While this review covered a larger period of time, 1998 to 2011, than any previous one, the single largest proposed fine of $2,167,500 stems from a finding of failure to properly classify and disclose 331 crime reports from 2008 to 2011, a typical review period. This is the first major fine action following rulings in 2012 by then Secretary of Education Arne Duncan that the maximum fine, $27,500 for the period covered by this review, should be imposed for each violent crime that goes unreported, and reflects a significant change in the enforcement stance of the Clery Act’s core reporting requirement.

The review, in finding Penn State lacked sufficient administrative capability, explored the type of resources and structured policies and procedures needed to effectively comply with Clery. “With regard to the Clery Act, such impairment may result in an institution’s systemic failure to provide students and employees with important campus crime information and services that are essential to their safety and security,” ED found. This sends a clear message that institutions will be expected to devote adequate resources and institutional support to compliance efforts.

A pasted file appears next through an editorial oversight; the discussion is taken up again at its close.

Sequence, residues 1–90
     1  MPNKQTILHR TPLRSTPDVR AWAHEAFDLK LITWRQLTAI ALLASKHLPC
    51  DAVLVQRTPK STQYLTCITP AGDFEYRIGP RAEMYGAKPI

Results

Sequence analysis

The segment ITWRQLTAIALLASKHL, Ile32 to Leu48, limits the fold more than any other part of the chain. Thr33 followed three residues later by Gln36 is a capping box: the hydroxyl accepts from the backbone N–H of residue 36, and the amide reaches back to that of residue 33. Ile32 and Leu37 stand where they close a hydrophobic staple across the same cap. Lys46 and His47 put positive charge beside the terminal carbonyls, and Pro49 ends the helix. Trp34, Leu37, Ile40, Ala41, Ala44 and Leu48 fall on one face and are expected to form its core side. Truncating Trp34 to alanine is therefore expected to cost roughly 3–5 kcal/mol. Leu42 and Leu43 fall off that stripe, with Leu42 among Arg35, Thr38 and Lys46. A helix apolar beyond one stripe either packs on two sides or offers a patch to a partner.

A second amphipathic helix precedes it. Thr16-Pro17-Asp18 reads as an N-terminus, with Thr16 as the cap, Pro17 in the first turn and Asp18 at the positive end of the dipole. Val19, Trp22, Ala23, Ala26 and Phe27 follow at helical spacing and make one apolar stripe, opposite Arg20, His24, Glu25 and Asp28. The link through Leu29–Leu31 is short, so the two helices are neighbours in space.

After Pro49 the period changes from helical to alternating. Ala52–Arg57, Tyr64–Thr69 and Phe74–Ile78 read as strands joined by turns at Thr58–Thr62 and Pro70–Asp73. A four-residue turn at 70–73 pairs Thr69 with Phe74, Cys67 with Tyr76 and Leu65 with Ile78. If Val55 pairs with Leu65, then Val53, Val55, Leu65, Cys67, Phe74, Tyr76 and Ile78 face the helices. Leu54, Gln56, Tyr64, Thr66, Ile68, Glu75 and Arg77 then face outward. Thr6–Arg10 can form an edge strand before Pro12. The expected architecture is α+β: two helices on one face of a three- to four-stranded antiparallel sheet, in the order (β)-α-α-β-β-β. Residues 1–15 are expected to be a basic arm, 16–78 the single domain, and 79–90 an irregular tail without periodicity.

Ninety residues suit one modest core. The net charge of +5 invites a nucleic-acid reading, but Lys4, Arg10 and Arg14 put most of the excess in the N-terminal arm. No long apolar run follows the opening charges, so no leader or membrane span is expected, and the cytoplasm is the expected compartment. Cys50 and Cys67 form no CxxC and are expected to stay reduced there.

Revisiting the precedent setting guidance from 2007’s Virginia Tech mass shooting case, ED reinforced that a “reasonableness” standard will be applied when they evaluate whether or not timely warnings should be made and other compliance decisions. They held “the reasonableness of the institution’s decision can be reviewed by the Department or a court.” The report contains several case-by-case examples that shed light on what ED considers reasonable.

One of the other most serious violations identified was a failure to collect crime report information from campus personnel other than the University Police. Since the inception of the Clery Act it has been widely recognized that many other officials, such as Deans of Students or Team Coaches, frequently are who students and others report campus crimes to. As a result, the Clery Act requires collection of information from them.